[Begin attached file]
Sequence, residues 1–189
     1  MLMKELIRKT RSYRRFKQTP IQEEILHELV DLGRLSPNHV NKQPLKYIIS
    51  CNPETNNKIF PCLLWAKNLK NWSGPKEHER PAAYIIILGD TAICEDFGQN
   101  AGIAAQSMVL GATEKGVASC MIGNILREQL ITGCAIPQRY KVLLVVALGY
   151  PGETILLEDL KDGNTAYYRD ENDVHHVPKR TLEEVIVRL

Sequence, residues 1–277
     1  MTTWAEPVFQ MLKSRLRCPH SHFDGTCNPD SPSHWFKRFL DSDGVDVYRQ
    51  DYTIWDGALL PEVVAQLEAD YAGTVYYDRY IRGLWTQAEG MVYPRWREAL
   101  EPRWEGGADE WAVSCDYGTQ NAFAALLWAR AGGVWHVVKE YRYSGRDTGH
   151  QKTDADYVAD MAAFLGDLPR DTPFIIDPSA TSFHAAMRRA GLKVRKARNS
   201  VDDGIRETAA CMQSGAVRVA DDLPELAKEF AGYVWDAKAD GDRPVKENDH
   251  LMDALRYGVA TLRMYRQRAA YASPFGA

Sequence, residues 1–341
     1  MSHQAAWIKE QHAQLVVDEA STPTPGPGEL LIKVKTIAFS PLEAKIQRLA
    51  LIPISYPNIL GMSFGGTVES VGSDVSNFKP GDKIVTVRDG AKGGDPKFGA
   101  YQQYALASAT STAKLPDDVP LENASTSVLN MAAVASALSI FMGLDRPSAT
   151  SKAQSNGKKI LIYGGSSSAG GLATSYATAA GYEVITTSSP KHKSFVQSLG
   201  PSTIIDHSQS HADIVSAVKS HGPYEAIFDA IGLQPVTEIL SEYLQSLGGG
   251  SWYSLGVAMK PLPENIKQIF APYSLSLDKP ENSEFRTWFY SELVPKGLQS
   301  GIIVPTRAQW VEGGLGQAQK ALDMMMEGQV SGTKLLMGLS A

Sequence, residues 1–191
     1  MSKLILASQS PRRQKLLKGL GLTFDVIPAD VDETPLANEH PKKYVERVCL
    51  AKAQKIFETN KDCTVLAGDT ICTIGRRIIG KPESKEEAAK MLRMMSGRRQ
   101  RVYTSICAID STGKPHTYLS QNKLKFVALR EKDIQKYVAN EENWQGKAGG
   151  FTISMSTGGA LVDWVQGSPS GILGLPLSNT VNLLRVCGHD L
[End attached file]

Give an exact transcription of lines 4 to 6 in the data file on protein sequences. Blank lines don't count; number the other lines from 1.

   101  AGIAAQSMVL GATEKGVASC MIGNILREQL ITGCAIPQRY KVLLVVALGY
   151  PGETILLEDL KDGNTAYYRD ENDVHHVPKR TLEEVIVRL

Sequence, residues 1–277